Even though there are sixteen villages, which are totally surrounded by forest, doesn’t mean you can’t get to know each one. An extensive network of foot and bike paths make it possible.
Bernsen, which includes Bernser Landwer, is very small with well-kept houses and tidy lawns.
— Top Areas Of Interest
Borstel, might have a 5-acre nature park, but in 1988 it won the Unser Dorf soll schöner werden competition. That would be the “Our Village is Beautiful” award. Who cares if that was like 30 years ago — it still is beautiful. Even better that Borstel hosts the annual Harvest Festival.
Over in Escher, the tower to its old Mill is still there, even if the wings are gone. This 300 year old Mill acts as the village’s landmark. Rightly so!
Hattendorf is where you want to be if you’re looking for a Local History Museum (called Heimatmuseum; open on the 1st & 3rd Saturday of the month), or to see a 12th century church. St. Eligius, which by the way, is now an Evangelical Lutheran one.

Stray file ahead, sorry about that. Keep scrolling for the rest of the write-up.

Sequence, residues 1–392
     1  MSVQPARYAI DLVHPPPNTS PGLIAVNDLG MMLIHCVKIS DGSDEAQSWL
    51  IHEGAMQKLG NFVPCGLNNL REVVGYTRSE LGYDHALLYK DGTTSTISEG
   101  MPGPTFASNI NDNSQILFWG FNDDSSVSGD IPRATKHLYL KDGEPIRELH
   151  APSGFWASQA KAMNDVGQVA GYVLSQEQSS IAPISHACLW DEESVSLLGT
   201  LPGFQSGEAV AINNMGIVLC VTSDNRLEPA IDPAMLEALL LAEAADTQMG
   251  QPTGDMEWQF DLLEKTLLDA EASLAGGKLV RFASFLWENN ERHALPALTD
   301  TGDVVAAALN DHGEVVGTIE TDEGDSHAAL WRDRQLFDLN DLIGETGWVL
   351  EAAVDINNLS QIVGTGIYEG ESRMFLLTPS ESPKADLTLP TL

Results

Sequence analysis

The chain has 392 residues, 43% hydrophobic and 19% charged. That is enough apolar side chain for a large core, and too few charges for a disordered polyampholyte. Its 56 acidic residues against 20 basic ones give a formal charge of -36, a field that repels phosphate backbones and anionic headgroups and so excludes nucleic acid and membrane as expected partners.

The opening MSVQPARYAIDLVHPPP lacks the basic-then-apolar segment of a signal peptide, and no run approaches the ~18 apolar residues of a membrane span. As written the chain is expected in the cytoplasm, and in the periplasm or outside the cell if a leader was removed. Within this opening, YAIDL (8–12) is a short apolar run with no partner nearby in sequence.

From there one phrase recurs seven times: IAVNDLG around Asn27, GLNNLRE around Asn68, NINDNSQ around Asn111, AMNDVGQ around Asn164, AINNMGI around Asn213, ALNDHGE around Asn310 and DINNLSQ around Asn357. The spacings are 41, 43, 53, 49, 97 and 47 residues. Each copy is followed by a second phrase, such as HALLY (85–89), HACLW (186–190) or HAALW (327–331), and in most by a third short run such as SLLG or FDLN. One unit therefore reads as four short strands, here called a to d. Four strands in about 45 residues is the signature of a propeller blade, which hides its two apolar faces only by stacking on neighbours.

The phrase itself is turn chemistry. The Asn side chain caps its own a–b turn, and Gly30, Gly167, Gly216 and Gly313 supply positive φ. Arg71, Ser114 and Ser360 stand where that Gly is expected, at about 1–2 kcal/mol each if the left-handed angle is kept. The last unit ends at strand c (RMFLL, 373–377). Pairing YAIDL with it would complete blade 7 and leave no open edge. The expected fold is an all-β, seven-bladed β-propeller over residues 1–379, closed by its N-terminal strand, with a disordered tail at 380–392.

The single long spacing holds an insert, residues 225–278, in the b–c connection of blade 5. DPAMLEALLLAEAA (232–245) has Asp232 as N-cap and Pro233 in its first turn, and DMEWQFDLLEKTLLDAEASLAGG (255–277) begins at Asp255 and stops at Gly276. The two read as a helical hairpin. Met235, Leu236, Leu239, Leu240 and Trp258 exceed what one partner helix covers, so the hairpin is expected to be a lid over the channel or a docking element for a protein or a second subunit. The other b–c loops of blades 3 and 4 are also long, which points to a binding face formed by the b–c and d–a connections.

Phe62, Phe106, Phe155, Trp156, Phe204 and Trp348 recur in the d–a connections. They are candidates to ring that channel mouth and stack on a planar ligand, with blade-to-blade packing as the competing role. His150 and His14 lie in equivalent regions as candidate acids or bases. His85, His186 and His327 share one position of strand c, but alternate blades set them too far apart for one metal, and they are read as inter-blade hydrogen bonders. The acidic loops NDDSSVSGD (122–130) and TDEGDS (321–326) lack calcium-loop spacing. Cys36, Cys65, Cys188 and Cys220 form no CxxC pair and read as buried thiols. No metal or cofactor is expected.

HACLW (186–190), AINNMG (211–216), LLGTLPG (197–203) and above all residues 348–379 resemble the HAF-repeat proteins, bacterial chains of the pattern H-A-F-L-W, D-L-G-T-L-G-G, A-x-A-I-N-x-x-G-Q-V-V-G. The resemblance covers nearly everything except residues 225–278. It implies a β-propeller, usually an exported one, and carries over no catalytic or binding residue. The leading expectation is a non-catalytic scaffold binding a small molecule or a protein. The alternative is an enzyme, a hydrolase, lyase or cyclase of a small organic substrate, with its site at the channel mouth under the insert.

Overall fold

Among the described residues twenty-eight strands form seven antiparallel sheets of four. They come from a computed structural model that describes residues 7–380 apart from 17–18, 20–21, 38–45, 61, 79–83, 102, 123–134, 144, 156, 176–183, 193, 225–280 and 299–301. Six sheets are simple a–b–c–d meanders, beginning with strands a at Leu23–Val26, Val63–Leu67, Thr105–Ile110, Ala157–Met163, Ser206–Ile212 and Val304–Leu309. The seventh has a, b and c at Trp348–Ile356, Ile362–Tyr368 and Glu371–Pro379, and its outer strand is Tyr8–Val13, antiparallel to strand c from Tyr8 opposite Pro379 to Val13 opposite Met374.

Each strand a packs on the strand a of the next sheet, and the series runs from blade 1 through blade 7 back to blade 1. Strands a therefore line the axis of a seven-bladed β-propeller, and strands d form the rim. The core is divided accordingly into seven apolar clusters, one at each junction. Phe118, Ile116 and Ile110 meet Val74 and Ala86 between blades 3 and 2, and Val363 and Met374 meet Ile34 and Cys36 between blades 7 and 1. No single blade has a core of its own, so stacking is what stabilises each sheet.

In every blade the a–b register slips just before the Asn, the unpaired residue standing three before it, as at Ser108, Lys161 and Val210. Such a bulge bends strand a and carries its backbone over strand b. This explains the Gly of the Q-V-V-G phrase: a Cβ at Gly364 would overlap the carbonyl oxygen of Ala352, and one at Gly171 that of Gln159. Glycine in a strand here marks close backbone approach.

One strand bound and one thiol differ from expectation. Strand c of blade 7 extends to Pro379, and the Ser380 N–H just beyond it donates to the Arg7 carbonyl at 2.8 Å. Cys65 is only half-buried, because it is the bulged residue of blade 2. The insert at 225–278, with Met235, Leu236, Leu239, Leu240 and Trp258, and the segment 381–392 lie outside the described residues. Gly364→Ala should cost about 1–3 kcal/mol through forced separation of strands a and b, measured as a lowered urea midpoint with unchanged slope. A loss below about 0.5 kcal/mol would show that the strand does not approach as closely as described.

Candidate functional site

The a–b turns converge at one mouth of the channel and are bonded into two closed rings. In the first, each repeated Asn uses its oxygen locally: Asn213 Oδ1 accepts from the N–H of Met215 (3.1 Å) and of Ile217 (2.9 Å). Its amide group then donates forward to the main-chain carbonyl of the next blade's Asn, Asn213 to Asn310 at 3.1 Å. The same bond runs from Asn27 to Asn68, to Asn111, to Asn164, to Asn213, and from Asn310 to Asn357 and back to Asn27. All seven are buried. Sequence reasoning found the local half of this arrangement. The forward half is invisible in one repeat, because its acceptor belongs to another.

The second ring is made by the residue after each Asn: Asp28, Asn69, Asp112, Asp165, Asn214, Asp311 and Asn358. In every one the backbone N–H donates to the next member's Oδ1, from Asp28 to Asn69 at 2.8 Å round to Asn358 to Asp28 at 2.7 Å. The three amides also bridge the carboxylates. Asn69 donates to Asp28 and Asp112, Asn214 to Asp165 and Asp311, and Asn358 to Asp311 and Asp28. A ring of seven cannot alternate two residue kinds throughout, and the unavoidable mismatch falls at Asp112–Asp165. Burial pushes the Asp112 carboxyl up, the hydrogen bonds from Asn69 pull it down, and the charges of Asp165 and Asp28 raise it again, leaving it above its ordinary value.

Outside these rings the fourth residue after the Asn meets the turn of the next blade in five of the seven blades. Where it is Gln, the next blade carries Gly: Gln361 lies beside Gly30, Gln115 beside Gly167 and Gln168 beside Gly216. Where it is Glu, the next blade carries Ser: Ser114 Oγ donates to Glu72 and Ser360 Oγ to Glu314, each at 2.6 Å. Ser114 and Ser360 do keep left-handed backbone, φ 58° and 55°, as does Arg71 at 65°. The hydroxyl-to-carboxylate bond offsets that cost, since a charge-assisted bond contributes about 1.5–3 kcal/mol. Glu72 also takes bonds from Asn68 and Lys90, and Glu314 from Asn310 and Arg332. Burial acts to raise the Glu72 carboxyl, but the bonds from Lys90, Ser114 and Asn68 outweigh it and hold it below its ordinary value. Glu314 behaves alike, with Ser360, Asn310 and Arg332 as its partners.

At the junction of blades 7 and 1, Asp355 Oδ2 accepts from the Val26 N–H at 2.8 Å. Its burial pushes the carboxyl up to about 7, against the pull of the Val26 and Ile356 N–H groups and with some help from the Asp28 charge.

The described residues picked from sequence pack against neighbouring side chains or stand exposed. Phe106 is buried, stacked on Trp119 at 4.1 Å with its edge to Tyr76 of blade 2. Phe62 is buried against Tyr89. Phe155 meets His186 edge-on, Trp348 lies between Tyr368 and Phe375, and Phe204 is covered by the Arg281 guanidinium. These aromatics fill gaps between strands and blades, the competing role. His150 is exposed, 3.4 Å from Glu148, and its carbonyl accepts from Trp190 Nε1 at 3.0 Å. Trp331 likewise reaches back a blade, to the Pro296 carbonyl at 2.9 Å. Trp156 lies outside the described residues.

Kathrinhagen has its own medieval church, which is also an Evangelical Lutheran one, while Rehren has an old Gothic church to see, too.
Auetal has a number of small hamlets, the smallest being Westerwald with a population of just 55 people. Altenhagen is tiny too, but has almost double the number of residents. Klein Holtensen is almost as big, but filled with all sorts of farms.
The folks over at the Tourist Office (Rehrener Straße 25) will help you find whatever it is you’re looking for. But, I’ll give you a heads-up. The village of Wiersen has a charming Village Square, regional bus service that’ll take you to all of Auetal’s villages, and an Oktoberfest that might not be as big as, say, Munich’s, but still a good time nonetheless.
All that’s left to do here in Auetal is play some miniature golf, take a carriage ride, or buy something at one of the little Farm Shops.
Wow, who knew all the wonders of the Weserbergland? I guess you do now, huh?